1 Samuel 2:1-10 (ESV)
And Hannah prayed and said,
My heart exults in the Lord;
my horn is exalted in the Lord.
My mouth derides my enemies,
because I rejoice in your salvation.
There is none holy like the Lord:
for there is none besides you;
there is no rock like our God.
Talk no more so very proudly,
let not arrogance come from your mouth;
for the Lord is a God of knowledge,
and by him, actions are weighed.
The bows of the mighty are broken,
but the feeble bind on strength.
Those who were full have hired themselves out for bread,
but those who were hungry have ceased to hunger.
The barren has borne seven,
but she who has many children is forlorn.
The Lord kills and brings to life;
he brings down to Sheol and raises up.
The Lord makes poor and makes rich;
he brings low and he exalts.
He raises up the poor from the dust;
he lifts the needy from the ash heap
to make them sit with princes
and inherit a seat of honor.
For the pillars of the earth are the Lord’s,
and on them, he has set the world.
He will guard the feet of his faithful ones,
but the wicked shall be cut off in darkness,
for not by might shall a man prevail.
The adversaries of the Lord shall be broken to pieces;
against them, he will thunder in heaven.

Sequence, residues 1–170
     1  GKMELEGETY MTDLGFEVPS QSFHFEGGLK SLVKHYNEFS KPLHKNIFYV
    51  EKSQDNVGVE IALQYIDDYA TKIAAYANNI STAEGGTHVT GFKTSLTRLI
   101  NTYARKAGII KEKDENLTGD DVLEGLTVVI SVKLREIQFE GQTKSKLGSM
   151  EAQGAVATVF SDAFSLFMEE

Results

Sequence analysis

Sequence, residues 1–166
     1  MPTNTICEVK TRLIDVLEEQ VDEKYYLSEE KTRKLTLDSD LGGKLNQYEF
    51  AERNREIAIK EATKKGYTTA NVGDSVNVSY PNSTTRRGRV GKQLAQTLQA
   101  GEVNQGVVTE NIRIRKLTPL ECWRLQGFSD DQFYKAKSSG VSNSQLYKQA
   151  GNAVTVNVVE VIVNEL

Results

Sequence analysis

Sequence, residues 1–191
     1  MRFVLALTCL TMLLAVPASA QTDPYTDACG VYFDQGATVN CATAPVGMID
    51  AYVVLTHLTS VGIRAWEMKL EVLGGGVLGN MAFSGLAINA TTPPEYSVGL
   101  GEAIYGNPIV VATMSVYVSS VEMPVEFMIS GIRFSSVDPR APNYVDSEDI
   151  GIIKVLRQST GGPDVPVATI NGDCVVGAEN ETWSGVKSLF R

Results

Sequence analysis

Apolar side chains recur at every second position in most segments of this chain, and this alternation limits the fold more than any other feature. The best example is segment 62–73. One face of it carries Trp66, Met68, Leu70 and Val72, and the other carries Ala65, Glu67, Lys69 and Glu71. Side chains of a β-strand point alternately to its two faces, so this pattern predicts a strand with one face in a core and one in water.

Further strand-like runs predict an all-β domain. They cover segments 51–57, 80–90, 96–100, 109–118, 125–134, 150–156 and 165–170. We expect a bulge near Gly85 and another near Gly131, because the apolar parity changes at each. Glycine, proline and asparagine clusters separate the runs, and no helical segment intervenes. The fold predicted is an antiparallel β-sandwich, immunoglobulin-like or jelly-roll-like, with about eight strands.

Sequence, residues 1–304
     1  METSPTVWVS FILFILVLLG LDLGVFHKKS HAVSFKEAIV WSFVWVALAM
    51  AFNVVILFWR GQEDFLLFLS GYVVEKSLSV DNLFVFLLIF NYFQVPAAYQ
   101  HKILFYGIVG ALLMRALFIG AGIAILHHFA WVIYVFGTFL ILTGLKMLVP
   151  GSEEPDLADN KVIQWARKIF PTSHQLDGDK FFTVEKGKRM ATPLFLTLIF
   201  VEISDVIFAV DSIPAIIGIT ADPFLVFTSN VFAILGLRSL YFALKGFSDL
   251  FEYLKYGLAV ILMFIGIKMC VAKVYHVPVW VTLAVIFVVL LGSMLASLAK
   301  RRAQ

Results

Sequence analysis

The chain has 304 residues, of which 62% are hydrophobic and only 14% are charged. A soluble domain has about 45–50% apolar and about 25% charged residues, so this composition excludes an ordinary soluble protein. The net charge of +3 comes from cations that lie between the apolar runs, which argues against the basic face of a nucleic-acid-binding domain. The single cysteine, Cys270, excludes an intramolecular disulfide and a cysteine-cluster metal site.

The Lord will judge the ends of the earth;
he will give strength to his king
and exalt the horn of his anointed.”
Within these ten verses, there are two stories. The first is Hannah’s, a barren woman who desired to have a child and a life with meaning and who was rescued from herself by God’s mercy. The second is a story of the people of God traveling each year to “worship and sacrifice to the Lord at Shiloh.” These two narratives intertwine in 1 Samuel 1 and in the midst of the two accounts we see what is known as “Hannah’s prayer.
There is perhaps no greater image of a broken world (particularly in ancient cultures) than that of the “barren” woman. The pressures to produce an heir and ensure an inheritance in Israel were so tremendous that “barrenness” might describe not only the physical but also the spiritual and social condition of the afflicted. After years of this, Hannah recognized that her grief had become sin and her mourning had become an “affliction” (1 Samuel 1:11), so at Shiloh, she sacrificed that which enslaved her to the Lord. Upon repenting, she vowed that if she were ever to have a child, she would dedicate him to the Lord — rather than using her child as proof of her worth to those who had been judging her. She soon conceived and later returned with her son, who she gave as an apprentice to Eli the priest. This boy was Samuel, the first of the great Old Testament prophets.
If any parent thought their child was precious, it was Hannah. Still, she must have known her role in his life was a temporary one. When we see Hannah “exult in the Lord” from her heart, and “find strength” in him (v. 1), she is being restored by the one thing permanent and true in the world (v. 2). Hannah understood then that behind every condition, physical or spiritual, the Lord’s creative power is at work, and not hers. (vv. 6-8). She rejoiced in that knowledge and was liberated.
Heavenly Father, though we may not all desire the same things that Hannah desired, we too suffer from trying to make temporary and fleeting things in life permanent. Help us to recognize and repent of our sin and put our strength in the Rock, your son, Jesus Christ. In Christ’s Name, Amen.